Upon reflection, P.J. Stock wishes he'd been a little more guarded when weighing into the death of Wade Belak. “I feel terrible talking about it,” Stock said this week. “The situation won't go away. I feel bad for making those comments that maybe [are]leading anyone to any type of thoughts.”
After the sudden death of former NHLer Wade Belak, the Hockey Night in Canada analyst went on Mitch Melnick's show on The Team 990 in Montreal to say that people shouldn't rush to declare Belak's death a suicide. “Let's just call it an accidental death right now. But he did die of strangulation,” Stock said at the time.
That flew in the face of those who'd appropriated Belak's “apparent suicide” for a discussion of depression, fighting in hockey and other worthy causes that may or may not have been linked to Belak's untimely death. Stock took flak from media types for bucking the party line. Did the former Battle of the Blades participant know something no one else did about Belak, who'd been prepping for the coming season of the same CBC TV show?
Stock declined to elaborate until Wednesday, when he broke his silence to Usual Suspects. Sounding hesitant and contrite, the former NHL tough guy tried to explain that, after listening to callers to Melnick's show “destroying Wade, destroying his role in the game and destroying hockey,” he impulsively felt the need to offer another opinion.
“I had heard about other possible outcomes of the situation, and that's all that I meant to say,” Stock said by telephone from Toronto. “I meant to say, ‘Let's stop, take a few seconds, and let's not think of it as what you're thinking it is – ‘oh, he's on drugs, he's on this and on that, that's why it happened.'... I said, ‘I believe they're calling it an accidental death.'... No one knows exactly what happened in that room. There was no letter, nothing was written. Don't always jump to the negative idea right away.”
Indeed, the hockey world was awash that day with contrary explanations other than suicide for Belak's death. Stock said he had no firsthand information, and that he perhaps didn't articulate his thoughts properly. “I say some things sometimes without the proper use of the English language,” he explained Wednesday. “I just wanted to protect Wade, protect his family and his role in the game. Unfortunately it has snowballed into something like this.”
Stock is not saying he was wrong, merely that he could have chosen his words better in light of the family's grief. He points out that Belak's family told the Toronto Star this past weekend that it believes his death was accidental. “For all intents and purposes, he did not do it on purpose. It was accidental,” Lorraine Belak, Wade's mother, told Dave Feschuk.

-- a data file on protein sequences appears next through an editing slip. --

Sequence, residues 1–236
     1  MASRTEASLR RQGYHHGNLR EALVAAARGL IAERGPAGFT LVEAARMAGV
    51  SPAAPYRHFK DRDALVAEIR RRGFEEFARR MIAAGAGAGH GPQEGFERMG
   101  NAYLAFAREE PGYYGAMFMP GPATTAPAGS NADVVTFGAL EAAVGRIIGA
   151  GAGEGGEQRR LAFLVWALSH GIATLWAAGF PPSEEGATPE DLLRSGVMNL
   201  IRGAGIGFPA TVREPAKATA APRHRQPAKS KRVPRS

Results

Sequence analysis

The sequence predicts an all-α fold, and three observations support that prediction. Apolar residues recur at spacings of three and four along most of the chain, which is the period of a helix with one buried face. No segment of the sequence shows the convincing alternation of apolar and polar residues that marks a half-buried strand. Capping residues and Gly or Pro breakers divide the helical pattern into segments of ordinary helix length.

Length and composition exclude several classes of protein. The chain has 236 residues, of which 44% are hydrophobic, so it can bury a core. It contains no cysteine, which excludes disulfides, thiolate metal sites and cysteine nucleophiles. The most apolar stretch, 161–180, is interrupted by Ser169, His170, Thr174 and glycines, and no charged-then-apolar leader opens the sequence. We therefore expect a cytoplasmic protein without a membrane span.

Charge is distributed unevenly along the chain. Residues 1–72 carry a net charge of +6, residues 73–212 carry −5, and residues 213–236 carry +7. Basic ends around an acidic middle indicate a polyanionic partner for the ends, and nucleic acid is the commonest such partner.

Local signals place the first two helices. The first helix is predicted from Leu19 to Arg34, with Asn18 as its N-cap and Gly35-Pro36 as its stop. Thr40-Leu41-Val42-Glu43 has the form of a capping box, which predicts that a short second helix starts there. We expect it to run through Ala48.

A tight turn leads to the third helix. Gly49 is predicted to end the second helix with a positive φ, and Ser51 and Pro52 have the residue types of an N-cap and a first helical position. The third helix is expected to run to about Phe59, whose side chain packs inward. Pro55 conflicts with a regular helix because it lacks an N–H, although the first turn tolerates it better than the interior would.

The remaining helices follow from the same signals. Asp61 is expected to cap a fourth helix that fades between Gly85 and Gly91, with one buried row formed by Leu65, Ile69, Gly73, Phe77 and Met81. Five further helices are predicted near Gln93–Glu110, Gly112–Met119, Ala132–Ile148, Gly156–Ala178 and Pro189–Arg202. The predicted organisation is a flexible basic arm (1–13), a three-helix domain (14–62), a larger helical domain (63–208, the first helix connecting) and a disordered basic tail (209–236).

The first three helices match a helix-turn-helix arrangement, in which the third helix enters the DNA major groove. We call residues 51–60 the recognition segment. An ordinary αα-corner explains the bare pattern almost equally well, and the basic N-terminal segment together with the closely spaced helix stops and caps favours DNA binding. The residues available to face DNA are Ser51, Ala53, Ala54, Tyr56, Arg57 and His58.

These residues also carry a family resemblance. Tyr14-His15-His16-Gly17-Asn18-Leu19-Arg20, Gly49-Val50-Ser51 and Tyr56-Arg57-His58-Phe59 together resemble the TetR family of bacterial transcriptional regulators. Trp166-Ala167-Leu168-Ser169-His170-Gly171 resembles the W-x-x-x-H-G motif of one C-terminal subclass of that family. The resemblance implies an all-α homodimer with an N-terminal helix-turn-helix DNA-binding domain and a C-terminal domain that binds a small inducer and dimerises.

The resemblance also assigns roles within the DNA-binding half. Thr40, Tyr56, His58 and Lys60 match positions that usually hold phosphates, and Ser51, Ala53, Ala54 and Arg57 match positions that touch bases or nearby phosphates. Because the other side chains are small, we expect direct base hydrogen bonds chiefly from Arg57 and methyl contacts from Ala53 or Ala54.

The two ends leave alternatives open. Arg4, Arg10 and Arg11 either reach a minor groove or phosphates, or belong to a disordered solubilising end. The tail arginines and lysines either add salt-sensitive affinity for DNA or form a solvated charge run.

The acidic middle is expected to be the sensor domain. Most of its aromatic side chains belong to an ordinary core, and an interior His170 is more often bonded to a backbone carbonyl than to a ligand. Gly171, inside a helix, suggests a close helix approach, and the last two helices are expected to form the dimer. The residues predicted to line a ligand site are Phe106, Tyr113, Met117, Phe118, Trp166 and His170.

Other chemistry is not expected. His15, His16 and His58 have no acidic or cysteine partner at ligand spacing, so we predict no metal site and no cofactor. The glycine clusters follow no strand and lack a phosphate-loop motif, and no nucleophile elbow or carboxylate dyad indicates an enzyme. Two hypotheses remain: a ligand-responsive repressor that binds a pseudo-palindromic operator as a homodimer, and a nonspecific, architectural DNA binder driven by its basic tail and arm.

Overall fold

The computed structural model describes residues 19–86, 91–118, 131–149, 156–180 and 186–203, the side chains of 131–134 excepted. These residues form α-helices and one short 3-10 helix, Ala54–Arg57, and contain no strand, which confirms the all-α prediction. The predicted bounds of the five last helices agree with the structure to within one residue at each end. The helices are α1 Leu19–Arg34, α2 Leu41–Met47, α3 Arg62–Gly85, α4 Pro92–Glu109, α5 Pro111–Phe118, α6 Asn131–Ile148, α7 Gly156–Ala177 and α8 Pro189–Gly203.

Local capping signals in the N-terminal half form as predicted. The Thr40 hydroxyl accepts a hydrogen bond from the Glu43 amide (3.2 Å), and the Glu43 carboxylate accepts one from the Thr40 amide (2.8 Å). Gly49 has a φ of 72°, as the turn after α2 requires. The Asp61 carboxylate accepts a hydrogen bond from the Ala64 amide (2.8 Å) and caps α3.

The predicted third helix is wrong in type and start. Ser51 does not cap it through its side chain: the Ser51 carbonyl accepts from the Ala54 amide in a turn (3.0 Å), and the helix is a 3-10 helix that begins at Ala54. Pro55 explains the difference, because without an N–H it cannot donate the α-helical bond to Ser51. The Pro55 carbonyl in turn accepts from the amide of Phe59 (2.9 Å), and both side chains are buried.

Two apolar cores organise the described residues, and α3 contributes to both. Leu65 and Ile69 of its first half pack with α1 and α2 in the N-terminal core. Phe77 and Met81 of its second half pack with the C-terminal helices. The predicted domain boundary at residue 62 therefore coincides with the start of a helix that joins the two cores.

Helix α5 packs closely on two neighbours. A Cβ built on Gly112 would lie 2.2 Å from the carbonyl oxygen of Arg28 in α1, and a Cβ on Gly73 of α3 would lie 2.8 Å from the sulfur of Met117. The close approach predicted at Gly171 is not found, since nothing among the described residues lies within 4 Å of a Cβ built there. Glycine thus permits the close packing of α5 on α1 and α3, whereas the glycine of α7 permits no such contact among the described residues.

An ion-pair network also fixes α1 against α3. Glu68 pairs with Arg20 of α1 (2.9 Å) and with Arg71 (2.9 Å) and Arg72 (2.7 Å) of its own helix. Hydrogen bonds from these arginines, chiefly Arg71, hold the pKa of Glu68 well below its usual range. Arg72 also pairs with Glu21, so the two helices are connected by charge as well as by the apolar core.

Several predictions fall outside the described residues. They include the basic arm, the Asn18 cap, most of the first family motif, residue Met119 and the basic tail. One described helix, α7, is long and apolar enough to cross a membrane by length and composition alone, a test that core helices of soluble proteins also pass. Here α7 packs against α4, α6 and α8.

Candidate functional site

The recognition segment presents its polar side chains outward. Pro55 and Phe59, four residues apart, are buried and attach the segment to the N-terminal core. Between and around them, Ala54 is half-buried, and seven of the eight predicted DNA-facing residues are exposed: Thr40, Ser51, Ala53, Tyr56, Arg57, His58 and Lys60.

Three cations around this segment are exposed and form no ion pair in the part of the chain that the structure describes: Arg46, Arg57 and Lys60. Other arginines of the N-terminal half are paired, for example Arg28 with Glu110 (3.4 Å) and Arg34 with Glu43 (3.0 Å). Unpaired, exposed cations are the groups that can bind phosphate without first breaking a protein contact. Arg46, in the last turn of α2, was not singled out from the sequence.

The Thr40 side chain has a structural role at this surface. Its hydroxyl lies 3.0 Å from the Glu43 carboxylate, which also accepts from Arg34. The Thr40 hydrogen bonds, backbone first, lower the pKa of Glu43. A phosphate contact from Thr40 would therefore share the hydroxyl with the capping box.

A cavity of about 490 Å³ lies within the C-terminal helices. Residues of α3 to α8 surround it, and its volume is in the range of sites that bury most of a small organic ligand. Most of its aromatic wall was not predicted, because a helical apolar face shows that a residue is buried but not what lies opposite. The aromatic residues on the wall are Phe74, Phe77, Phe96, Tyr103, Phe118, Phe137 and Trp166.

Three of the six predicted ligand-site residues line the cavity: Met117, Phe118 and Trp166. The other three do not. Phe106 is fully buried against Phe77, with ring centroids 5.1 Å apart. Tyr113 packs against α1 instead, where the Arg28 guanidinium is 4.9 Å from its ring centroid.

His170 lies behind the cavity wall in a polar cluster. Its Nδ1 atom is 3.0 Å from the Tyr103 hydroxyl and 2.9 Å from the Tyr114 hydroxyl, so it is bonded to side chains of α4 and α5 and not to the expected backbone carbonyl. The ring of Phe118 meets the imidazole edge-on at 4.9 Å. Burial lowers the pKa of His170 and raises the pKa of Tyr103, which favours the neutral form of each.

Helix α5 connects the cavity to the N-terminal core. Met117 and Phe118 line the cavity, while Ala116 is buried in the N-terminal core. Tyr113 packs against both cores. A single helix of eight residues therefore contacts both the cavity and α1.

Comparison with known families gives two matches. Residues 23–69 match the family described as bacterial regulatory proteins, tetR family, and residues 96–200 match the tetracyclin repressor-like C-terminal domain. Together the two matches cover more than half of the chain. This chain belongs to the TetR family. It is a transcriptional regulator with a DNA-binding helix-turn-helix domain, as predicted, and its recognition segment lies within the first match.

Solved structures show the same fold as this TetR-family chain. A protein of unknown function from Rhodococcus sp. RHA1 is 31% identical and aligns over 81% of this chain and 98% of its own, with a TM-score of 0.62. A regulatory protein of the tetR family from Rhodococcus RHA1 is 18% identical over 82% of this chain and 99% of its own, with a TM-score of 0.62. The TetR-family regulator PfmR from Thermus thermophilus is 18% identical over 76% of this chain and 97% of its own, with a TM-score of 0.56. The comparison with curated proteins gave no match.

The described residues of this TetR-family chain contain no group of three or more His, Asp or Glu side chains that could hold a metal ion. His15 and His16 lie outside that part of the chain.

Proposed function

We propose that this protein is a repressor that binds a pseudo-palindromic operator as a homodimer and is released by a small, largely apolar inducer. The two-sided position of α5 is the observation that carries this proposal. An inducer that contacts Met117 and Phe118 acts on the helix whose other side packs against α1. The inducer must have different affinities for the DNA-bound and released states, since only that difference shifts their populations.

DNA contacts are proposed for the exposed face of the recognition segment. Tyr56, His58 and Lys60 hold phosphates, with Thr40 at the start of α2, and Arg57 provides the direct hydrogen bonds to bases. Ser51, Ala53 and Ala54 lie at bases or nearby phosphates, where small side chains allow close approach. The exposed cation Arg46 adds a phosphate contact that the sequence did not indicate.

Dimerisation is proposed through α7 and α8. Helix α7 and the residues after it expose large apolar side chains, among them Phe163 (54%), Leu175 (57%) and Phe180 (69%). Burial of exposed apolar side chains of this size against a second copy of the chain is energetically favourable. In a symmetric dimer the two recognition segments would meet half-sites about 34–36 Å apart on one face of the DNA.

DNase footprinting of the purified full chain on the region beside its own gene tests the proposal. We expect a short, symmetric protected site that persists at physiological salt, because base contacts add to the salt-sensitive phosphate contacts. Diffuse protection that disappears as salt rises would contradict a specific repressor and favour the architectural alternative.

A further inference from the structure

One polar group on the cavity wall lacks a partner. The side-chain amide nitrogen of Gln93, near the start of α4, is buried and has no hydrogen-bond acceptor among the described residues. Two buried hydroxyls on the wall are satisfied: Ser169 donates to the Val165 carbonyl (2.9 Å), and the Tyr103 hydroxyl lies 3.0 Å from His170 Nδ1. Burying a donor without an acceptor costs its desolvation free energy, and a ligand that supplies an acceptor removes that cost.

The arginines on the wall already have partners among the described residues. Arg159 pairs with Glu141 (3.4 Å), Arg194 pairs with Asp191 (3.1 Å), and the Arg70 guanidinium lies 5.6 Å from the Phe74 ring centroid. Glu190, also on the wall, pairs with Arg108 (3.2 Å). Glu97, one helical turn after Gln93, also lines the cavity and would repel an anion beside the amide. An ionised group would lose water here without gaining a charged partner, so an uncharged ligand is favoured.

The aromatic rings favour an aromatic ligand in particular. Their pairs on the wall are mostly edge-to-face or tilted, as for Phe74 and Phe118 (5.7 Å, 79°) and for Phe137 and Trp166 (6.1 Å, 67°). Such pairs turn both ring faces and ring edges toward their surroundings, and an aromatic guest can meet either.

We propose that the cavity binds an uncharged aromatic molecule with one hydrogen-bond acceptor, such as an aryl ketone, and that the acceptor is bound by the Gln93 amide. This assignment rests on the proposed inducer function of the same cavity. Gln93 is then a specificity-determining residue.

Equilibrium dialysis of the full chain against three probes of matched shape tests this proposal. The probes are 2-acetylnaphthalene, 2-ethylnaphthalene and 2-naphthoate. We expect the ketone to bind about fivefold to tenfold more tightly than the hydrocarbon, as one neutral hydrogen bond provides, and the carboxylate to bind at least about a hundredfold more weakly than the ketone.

Stock also regrets if his comments diminished other causes. “There's been some great articles about depression, and I know it's something that a lot of people are struggling with. So I hate that this keeps coming up.”
So how does CBC view Stock's foray into the Belak case without any appreciable evidence to contradict police?
According to CBC spokesman James Lamont, Stock was not rushing to conclusions.
“If you listen to P.J.'s interview in its entirety you'll see that he was trying to do just the opposite, as people were rushing to paint Wade's death with a variety of explanations without having all the information,” Lamont said.
“He was simply expressing his view on the situation. As we said at the time, our thoughts remain with Wade's family and friends at this difficult time.”
Really? To us it sounded as though Stock took a stand, which is fine if he had sources and evidence. Which, in this case, he did not.
We received considerable reaction here to our story about the new marketing efforts of TSN and MRX for Canadian Interuniversity Sport football. One theme was the inferior quality of statistical reporting and the CIS website. One reader pointed out how hard it was to find any radiocasts of games on the site and asked when the CIS will sync its scoreboards and gathering of statistics – as happens in the National Collegiate Athletic Association.
Replies MRX president Scott Mitchell, also president of the Hamilton Tiger-Cats: “With MRX being the technology partner for both the CHL [Canadian Hockey League]and CFL’s digital assets, I would look for a very impressive and state of the art digital asset for CIS football for the 2012 season. The challenge for the CIS, as with many digital properties, is money, but we feel it is an investment worth making on their behalf.”
Life imitates bad art
Winnipeg Jets defenceman Dustin Byfuglien is another NHLer dealing with “issues.” Byfuglien has been charged with impaired operation of his boat in Minnesota. Police there have suggested he might have been under the influence of drugs. Ick. Dustin, expect a call from New York City.
In what can only be serendipity, it turns out that before his nautical misadventure, Byfuglien was asked by a trading card company to sketch something for the back of a unique personal card. What did Byfuglien sketch (badly) for the one-off Panini American sketch card? A boat. Wait, it gets better. The winner of said primitive art put the item on eBay for sale. The card opened at 99 cents and topped out at $122.50. Our assumption is that this figure will not be sufficient to cover the fine should Jet Ski Byfuglien be found culpable on the charges. Just guessing.